This was Mattie. She was a fine rosy girl, just passed her eighteenth birthday, and the sole daughter of Bradley's house and heart. She was his all—his wife had been dead five years. He turned toward her, and, in a mild but firm tone, said,

"Mattie, you must conduct Mr. Peters to the rendezvous immediately; then return, and we will call at the parsonage to cheer his family. Quick! No time is to he lost. The blood-hounds are upon the track. They have scented their prey, and will not rest until they have secured him. They may return much sooner than we expect. So haste, daughter, and God bless ye!"

This was not the first time that Mattie had been called upon to perform such an office. She had safely conducted several Union men, who had been hunted from their homes and sought shelter with her father, to the place designated, from whence they made their escape across the mountains into Kentucky. Turning to the fugitive, she said,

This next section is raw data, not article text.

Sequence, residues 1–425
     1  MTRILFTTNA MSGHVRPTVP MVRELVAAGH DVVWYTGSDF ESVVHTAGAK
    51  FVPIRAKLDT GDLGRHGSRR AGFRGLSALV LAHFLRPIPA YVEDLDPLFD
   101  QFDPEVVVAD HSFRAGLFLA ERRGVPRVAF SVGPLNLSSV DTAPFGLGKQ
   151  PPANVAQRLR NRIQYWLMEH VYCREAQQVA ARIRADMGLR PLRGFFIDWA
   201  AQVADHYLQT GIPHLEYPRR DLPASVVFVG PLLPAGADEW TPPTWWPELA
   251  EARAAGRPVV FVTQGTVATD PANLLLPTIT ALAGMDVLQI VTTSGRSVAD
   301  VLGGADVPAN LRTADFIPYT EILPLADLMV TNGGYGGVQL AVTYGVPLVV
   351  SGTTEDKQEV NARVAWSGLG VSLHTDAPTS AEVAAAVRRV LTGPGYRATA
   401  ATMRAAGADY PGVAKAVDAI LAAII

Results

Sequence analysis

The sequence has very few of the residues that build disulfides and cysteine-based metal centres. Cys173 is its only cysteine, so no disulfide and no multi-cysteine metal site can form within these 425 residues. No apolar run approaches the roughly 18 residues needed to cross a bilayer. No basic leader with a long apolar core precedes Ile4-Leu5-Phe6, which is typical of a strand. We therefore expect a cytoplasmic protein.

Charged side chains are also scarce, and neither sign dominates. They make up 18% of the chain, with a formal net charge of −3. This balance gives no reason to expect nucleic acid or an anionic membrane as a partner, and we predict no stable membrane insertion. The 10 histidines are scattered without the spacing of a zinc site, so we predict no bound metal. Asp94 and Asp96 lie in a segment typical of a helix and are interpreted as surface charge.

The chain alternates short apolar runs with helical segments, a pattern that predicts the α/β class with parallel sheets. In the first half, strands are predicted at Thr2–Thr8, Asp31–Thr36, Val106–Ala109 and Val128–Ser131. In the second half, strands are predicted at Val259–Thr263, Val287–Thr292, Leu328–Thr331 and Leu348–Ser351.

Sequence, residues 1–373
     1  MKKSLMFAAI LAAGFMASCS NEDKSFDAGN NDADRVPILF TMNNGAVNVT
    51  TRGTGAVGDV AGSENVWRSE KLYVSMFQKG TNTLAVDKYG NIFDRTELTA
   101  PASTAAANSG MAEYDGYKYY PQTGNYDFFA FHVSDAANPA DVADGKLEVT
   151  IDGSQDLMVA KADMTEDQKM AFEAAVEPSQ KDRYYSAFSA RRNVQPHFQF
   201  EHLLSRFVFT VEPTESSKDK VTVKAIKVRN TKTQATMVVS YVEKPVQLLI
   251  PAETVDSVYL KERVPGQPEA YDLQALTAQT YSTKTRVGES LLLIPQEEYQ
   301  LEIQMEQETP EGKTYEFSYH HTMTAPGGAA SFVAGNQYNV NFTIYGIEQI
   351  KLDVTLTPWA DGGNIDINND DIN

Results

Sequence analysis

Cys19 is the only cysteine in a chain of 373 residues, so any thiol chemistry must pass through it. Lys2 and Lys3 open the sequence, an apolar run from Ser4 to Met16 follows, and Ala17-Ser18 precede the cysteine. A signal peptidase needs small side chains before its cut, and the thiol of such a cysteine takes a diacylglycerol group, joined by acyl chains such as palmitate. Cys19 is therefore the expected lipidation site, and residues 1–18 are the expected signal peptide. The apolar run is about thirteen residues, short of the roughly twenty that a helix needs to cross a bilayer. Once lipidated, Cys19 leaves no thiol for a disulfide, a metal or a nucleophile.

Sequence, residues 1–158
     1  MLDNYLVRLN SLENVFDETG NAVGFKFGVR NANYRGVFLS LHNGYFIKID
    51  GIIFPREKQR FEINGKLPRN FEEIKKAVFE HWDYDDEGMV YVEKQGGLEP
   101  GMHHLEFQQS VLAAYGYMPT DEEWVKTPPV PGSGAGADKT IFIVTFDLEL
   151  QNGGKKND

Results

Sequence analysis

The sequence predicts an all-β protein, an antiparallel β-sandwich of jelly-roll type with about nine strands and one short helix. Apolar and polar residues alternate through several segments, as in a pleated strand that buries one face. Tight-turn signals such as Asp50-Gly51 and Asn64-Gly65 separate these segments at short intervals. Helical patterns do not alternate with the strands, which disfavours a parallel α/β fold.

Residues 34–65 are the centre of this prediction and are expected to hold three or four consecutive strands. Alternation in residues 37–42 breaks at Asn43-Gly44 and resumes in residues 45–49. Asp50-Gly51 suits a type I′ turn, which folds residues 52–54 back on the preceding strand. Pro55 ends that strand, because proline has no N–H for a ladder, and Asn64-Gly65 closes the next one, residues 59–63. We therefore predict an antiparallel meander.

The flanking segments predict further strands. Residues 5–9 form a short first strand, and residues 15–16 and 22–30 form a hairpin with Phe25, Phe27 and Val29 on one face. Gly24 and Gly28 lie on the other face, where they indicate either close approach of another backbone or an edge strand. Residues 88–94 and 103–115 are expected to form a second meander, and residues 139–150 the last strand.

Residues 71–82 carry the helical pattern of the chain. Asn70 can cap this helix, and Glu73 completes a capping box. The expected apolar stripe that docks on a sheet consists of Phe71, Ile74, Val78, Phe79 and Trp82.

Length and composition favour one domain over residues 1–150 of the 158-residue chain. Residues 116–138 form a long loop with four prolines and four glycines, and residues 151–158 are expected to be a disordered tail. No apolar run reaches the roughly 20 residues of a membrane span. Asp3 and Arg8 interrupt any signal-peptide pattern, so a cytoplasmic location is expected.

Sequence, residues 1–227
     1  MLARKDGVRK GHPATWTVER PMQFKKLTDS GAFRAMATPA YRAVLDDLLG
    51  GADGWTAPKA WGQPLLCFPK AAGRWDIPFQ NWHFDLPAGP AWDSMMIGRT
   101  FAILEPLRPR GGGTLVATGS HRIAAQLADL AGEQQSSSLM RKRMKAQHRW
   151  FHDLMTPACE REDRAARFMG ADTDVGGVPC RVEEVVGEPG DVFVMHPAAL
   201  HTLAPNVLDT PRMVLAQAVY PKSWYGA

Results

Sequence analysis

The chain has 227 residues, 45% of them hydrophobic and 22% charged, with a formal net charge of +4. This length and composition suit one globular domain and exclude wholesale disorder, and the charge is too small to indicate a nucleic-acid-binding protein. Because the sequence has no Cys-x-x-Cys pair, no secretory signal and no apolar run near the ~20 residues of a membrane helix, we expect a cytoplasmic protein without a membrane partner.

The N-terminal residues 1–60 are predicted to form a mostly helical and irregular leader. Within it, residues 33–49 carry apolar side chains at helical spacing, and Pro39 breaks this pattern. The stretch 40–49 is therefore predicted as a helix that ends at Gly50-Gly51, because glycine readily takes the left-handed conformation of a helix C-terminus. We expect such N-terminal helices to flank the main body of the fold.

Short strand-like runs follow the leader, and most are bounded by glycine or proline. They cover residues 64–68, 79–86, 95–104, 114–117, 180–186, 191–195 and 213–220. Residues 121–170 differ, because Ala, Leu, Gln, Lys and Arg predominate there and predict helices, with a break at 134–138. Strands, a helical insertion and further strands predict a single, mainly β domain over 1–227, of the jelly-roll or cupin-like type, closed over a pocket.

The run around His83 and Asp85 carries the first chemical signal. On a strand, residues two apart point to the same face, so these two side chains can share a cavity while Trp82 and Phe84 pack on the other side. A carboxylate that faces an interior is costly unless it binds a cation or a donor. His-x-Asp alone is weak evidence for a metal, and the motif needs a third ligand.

"Come, Mr. Peters, do not stand upon ceremony, but follow me,"

She left the shop and proceeded but a short distance up the road, and then turned off in a by-path through a strip of woods, closely followed by the fugitive. A brisk walk of half an hour brought them to a small house that stood alone in a secluded spot. Here Mattie was received with a warm welcome by several men, some of whom were engaged in running bullets, while others were cleaning their rifles and fowling-pieces. The lady of the house, a hale woman of forty, was busy stuffing the wallets of the men with biscuits. She greeted Mattie very kindly. The fugitive, who was known to two or three of the party, was received in a bluff, frank spirit of kindness by all, saying that they would make him chaplain of the Tennessee Union regiment when they got to Kentucky.